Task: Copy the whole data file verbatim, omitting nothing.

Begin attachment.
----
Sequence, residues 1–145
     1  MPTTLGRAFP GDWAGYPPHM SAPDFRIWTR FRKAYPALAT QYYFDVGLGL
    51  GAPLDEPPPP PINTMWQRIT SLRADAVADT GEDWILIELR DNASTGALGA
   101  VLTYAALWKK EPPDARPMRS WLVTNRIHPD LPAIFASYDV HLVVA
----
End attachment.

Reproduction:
Sequence, residues 1–145
     1  MPTTLGRAFP GDWAGYPPHM SAPDFRIWTR FRKAYPALAT QYYFDVGLGL
    51  GAPLDEPPPP PINTMWQRIT SLRADAVADT GEDWILIELR DNASTGALGA
   101  VLTYAALWKK EPPDARPMRS WLVTNRIHPD LPAIFASYDV HLVVA